Stuff and that.

Stuff. And yeah. That

Month: September, 2013

Oh Mr Oliver, What a MESS!!!

Picture this, if you will…

Most evenings, we arrive home from work and school somewhere between quarter to and six, in a flurry of bags and jumpers and papers and homework and musical instruments, still carrying on with the fight that started in the car on the way to school and work in the morning. Chaos AND mayhem. Figuratively and literally. Add to the noise and the flinging of things and the flouncing of small boys an equally small and equally annoying Hound who has been alone all day and needs some company. Bouncy, shouty company. And food.

Because the children need to be in bed by 8.30pm, they need to eat by 6.30 or so; and because, you know, one of the ways to help turn children into civilised adults is to actually eat a meal with them from time to time – this will allegedly make them eat with appropriate cutlery and stop them from eating peas with their knife. Although it hasn’t appeared to prevent the eating of peas with a spoon. (A pea-spoon. Geddit?) I digress. Because it is good for children to eat with their families, we try to do this whenever we can.

So, you can imagine my delight when I first got a hold of Jamie Oliver’s 30 minute meals (and the subsequent 15 minute meals). Here was an opportunity to whip up a nice meal for the family, a little bit fancy, nice dessert instead of just grabbing an icecream cone from the freezer. Excellent. Being a cautious soul, the first time I cracked open Mr Oliver’s book, we made sure the children were well and truly fed – there’s nothing more frightening than two starving children sighing and moaning, draped over the table while waiting for food. We did however have guests for dinner. Patient ones, fortunately.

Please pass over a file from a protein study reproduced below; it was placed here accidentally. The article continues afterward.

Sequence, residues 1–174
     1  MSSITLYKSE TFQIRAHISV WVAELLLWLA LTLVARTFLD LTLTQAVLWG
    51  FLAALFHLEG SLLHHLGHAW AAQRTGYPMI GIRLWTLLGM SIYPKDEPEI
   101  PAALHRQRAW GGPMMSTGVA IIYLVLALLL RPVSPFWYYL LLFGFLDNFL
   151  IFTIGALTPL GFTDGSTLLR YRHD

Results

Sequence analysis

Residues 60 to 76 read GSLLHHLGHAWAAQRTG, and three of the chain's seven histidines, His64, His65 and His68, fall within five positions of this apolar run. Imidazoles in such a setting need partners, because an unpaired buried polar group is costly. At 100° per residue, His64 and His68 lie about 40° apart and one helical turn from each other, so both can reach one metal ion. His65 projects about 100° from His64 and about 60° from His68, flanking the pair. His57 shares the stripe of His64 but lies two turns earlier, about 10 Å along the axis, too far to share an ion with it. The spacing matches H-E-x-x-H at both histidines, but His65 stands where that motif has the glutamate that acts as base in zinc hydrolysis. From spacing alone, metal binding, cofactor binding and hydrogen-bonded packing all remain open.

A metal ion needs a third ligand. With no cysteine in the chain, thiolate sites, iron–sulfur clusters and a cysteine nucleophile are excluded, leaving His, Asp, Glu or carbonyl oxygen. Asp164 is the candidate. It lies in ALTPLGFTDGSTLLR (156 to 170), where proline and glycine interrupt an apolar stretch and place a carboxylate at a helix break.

To be perfectly honest, the actual cooking part of the recipe did only take about 30 minutes BUT the preparation to get started took me nearly half the entire allocated time. There were no weird ingredients – I had to pick up a couple of things, but they were items I would normally have on hand, so that wasn’t the issue. And I had all the equipment I needed – but I don’t have a supply of kitchen fairies who can magically chop, grate, mince and pass the ingredients. Nor do I have metres of bench space, so I can have things spread out in front of me while in various stages of preparation. It was stressful.

And the dishes. Man, I have never before created SO MANY DISHES (except for – well, except for when I’ve made a couple of other Jamie Oliver recipes.)  So, in order to cook the “30 minute meal”, I needed 15 minutes for prep, 30 minutes for cooking and 45 minutes for cleaning up (did I mention I didn’t have a dishwasher, either!)

So, sorry Mr Oliver, your idea of a 30 minute meal aint going to cut it when the chef has to supervise homework, music practice, sort out school notices, fold washing, clean out the fridge, find toilet paper and $6.50 for an excursion that was due in yesterday… not to mention finishing off the argument from the morning. Chopping up a a few vegies and tossing some meat in a pan leaves plenty of time for running through spelling words, testing times tables, logging into Reading Eggs and doing all the other bits and pieces that need to be done; rather than trying to balance all of the above with reading a recipe, chopping, dicing, sauteing and dirtying every dish in the house. I don’t have a dish pig and a kitchen hand!